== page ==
New albums from Grails and Slowdive
Hymnal (Temporary Residence Ltd.) Portland, Oregon, band Grails surfaces every few years with a collection of experimental rock songs, having stayed away just long enough that their return is a surprise. During these hiatuses, founding members Alex Hall and Emil Amos typically explore disparate side projects such as the funk-inspired Lilacs & Champagne and the drone-metal band Om. When they return to Grails, it’s usually to perform a brand of metal that blends the psychedelic space-rock of Hawkwind with the post-rock atmospherics of Godspeed You Black Emperor. On Chalice Hymnal, however, Hall and Amos throw a curveball and rope in as many influences as their considerable musical knowledge allows. With inviting grooves from an electric piano and a soulful vocal sample (rendered unintelligible), “Empty Chamber” feels like something from an Erykah Badu record. The album closer “After the Funeral” is 10 minutes of gently swaying beats, lush strings and horns, and acoustic guitars that recall dramatic 1950s soundtracks and druidic dirges from Black Sabbath. The band directly calls back to its much-loved 2011 album Deep Politics with cuts like “Deeper Politics” and “Deep Snow II,” but it’s unclear whether this is a continuation of earlier ideas or a bit of playfulness for longtime fans. The latter track is among the album’s highlights, with contained bursts of inspired guitar between quiet passages of repose. It’s not unlike the band’s general career approach. — Robert Ker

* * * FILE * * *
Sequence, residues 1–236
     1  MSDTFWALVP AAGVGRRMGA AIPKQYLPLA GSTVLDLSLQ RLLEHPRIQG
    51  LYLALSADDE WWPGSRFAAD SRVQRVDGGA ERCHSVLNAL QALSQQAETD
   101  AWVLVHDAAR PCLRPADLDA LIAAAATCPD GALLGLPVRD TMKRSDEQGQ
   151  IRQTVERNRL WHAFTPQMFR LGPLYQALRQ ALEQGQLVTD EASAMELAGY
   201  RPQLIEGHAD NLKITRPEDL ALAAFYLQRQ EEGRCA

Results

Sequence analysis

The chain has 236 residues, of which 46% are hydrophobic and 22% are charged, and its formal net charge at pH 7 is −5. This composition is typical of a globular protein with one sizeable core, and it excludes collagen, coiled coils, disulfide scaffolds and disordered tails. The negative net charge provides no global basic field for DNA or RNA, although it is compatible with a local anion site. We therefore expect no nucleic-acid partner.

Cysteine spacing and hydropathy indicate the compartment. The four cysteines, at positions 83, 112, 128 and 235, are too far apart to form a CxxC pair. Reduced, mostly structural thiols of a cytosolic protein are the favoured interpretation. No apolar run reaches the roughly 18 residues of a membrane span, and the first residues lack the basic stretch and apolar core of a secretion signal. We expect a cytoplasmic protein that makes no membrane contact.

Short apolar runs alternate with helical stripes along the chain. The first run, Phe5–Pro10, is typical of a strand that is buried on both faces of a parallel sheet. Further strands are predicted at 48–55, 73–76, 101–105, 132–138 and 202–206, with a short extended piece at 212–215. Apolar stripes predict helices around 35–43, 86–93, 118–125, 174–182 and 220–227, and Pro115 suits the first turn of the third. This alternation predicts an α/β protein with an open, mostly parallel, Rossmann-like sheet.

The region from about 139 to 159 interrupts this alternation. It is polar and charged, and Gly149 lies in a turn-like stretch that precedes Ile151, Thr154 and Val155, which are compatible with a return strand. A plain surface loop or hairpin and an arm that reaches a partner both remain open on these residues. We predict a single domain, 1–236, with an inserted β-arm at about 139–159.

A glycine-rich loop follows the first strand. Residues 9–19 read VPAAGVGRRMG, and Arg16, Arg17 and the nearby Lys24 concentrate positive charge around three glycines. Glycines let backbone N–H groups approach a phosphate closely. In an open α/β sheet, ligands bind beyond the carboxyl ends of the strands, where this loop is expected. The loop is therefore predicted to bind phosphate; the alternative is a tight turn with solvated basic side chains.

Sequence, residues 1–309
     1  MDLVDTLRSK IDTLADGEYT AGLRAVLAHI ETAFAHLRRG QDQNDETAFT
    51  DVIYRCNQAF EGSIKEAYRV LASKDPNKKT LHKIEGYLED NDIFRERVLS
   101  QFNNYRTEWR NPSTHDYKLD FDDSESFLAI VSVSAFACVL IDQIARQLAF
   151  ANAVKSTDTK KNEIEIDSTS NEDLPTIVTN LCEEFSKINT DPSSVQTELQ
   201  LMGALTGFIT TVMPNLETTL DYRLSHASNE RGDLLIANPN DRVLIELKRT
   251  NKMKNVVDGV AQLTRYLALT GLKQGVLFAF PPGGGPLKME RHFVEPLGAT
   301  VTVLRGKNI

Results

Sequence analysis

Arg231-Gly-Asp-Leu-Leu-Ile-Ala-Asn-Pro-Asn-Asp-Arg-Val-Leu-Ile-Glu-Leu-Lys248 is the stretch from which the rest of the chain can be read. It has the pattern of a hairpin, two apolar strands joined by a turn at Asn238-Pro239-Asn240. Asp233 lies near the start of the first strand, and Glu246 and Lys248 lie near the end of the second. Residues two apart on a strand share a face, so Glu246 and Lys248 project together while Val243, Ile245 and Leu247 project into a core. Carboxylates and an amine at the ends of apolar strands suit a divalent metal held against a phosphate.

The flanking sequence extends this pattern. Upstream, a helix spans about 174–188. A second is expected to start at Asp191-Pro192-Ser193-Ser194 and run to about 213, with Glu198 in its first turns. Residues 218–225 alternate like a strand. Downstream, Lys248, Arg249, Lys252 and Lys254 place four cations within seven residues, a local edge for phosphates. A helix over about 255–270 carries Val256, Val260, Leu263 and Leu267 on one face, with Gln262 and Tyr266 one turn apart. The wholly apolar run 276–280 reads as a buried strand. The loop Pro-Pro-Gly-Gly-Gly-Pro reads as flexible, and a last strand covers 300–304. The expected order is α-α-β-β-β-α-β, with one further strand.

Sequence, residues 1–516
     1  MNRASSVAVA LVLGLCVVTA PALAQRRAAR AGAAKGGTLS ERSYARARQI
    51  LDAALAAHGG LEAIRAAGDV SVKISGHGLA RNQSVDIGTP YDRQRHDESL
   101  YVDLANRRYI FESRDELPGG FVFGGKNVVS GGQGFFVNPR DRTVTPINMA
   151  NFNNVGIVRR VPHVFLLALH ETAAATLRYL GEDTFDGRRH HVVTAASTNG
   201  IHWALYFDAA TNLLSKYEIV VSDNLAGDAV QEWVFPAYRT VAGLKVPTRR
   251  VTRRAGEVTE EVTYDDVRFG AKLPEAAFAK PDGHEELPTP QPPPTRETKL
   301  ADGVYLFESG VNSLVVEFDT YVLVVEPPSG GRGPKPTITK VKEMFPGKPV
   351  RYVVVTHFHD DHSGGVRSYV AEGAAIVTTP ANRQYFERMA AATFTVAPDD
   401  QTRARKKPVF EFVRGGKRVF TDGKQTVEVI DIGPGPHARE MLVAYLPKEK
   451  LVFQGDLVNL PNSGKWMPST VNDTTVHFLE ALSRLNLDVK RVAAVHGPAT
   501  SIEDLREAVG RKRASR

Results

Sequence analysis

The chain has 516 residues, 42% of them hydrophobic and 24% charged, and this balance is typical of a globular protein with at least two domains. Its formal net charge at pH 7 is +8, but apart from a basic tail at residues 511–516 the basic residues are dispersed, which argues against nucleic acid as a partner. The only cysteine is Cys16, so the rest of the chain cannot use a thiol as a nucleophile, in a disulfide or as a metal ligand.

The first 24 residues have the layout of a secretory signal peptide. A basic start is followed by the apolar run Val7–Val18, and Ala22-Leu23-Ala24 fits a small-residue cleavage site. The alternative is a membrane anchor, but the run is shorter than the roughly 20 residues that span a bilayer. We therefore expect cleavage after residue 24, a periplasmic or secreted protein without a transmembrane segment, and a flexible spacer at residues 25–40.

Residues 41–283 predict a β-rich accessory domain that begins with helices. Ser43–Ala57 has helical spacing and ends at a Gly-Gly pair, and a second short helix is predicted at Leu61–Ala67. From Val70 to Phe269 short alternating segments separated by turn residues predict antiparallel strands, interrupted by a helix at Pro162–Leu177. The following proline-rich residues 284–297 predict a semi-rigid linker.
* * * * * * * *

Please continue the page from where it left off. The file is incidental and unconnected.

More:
SLOWDIVE Slowdive (Dead Oceans) In recent years, several indie bands from the 1990s have pulled together to release new albums and embark on new tours. There’s money in nostalgia, as early fans now have more disposable income and newer generations benefit from decades of critical assessment (as well as easy access to bands’ entire catalogs on the internet). However, the self-titled new release from 1990s shoegaze act Slowdive is so good that it seems less a cash-in and more as though the musicians, now wiser and more comfortable with themselves, simply reconvened for the joy of making music. Slowdive announces its return from a 22-year break with the opener “Slomo,” a song that luxuriates in soft-rock drums and synthesizers and is driven by a lead guitar that sounds aquatic, receding away through echoing delays. Every sound is multiplied through the thick use of reverberation and multitracked vocals, giving the songs a kaleidoscopic feel. The tempo explodes from “Slomo” into “Star Roving” and “Everyone Knows,” and there is a euphoric urgency to much of the material — a far cry from the group’s best 1990s work, which was more hypnotic and ephemeral. The album ends with “Falling Ashes,” an eight-minute composition of gentle piano melodies and the words “thinking about love” repeated like a mantra. It’s a hushed composition that feels like snowflakes slowly melting. When it closes, Slowdive disappears again. — R.K.